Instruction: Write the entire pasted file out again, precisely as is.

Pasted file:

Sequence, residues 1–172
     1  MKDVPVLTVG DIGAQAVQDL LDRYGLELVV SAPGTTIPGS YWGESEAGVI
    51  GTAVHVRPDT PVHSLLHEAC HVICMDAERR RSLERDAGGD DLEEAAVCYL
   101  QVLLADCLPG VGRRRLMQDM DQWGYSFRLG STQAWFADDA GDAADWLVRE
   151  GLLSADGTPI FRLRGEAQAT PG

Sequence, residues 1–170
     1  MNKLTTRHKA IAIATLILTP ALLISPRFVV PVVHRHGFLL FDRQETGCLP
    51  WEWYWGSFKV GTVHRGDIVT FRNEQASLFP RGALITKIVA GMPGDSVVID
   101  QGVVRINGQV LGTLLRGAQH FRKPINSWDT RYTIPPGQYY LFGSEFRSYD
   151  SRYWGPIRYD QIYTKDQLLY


Sequence, residues 1–172
     1  MKDVPVLTVG DIGAQAVQDL LDRYGLELVV SAPGTTIPGS YWGESEAGVI
    51  GTAVHVRPDT PVHSLLHEAC HVICMDAERR RSLERDAGGD DLEEAAVCYL
   101  QVLLADCLPG VGRRRLMQDM DQWGYSFRLG STQAWFADDA GDAADWLVRE
   151  GLLSADGTPI FRLRGEAQAT PG

Sequence, residues 1–170
     1  MNKLTTRHKA IAIATLILTP ALLISPRFVV PVVHRHGFLL FDRQETGCLP
    51  WEWYWGSFKV GTVHRGDIVT FRNEQASLFP RGALITKIVA GMPGDSVVID
   101  QGVVRINGQV LGTLLRGAQH FRKPINSWDT RYTIPPGQYY LFGSEFRSYD
   151  SRYWGPIRYD QIYTKDQLLY